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PLoS One. 2013;8(2):e54475. doi: 10.1371/journal.pone.0054475. Epub 2013 Feb 6.

Structural brain changes in chronic pain reflect probably neither damage nor atrophy.

Author information

1
Department of Systems Neuroscience, University Medical Center Hamburg Eppendorf, Hamburg, Germany.

Abstract

Chronic pain appears to be associated with brain gray matter reduction in areas ascribable to the transmission of pain. The morphological processes underlying these structural changes, probably following functional reorganisation and central plasticity in the brain, remain unclear. The pain in hip osteoarthritis is one of the few chronic pain syndromes which are principally curable. We investigated 20 patients with chronic pain due to unilateral coxarthrosis (mean age 63.25±9.46 (SD) years, 10 female) before hip joint endoprosthetic surgery (pain state) and monitored brain structural changes up to 1 year after surgery: 6-8 weeks, 12-18 weeks and 10-14 month when completely pain free. Patients with chronic pain due to unilateral coxarthrosis had significantly less gray matter compared to controls in the anterior cingulate cortex (ACC), insular cortex and operculum, dorsolateral prefrontal cortex (DLPFC) and orbitofrontal cortex. These regions function as multi-integrative structures during the experience and the anticipation of pain. When the patients were pain free after recovery from endoprosthetic surgery, a gray matter increase in nearly the same areas was found. We also found a progressive increase of brain gray matter in the premotor cortex and the supplementary motor area (SMA). We conclude that gray matter abnormalities in chronic pain are not the cause, but secondary to the disease and are at least in part due to changes in motor function and bodily integration.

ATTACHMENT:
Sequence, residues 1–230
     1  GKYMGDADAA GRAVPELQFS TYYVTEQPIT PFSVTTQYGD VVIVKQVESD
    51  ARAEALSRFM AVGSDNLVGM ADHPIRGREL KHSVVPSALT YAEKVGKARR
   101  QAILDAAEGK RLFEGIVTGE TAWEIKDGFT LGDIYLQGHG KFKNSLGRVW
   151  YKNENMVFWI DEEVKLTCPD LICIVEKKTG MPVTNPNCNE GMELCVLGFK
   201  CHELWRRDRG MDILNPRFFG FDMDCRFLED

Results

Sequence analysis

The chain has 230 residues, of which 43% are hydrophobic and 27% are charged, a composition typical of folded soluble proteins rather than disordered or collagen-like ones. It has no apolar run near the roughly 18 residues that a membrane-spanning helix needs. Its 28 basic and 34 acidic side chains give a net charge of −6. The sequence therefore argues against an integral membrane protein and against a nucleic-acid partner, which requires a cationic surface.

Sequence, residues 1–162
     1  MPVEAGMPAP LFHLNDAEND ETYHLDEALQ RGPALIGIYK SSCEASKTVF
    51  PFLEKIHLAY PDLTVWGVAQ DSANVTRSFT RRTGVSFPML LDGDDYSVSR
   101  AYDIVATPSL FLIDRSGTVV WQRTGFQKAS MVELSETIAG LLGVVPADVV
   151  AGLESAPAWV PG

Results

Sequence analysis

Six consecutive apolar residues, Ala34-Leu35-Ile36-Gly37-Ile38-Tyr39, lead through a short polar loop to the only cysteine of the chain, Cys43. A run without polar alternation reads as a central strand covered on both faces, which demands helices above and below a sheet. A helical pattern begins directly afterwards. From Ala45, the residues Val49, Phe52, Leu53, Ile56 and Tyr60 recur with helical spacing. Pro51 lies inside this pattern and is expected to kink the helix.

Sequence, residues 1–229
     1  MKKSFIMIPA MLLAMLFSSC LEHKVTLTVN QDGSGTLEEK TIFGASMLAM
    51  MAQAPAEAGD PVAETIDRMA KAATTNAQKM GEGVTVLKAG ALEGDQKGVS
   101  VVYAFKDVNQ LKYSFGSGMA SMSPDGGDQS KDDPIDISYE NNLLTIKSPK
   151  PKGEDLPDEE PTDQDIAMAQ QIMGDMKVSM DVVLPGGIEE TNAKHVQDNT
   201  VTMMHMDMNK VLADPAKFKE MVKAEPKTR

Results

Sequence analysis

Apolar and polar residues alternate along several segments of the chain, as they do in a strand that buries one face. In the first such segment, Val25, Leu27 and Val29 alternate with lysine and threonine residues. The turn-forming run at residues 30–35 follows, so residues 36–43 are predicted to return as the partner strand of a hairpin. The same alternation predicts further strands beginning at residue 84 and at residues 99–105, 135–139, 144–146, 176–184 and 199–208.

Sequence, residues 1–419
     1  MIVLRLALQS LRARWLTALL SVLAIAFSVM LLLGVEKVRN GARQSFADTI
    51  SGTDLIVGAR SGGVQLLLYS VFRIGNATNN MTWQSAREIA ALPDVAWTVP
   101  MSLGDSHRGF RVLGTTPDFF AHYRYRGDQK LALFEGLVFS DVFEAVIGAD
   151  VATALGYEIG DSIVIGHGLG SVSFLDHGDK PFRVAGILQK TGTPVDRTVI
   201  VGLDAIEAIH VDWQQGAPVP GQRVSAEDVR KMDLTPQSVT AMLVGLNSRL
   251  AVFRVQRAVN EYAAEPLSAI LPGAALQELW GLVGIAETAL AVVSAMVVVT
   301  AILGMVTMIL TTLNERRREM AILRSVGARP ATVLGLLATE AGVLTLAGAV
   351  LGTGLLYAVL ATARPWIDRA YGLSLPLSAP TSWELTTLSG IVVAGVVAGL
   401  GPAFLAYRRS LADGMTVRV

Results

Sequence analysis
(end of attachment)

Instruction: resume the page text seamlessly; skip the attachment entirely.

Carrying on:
PMID:
23405082
PMCID:
PMC3566164
DOI:
10.1371/journal.pone.0054475
[Indexed for MEDLINE]
Free PMC Article

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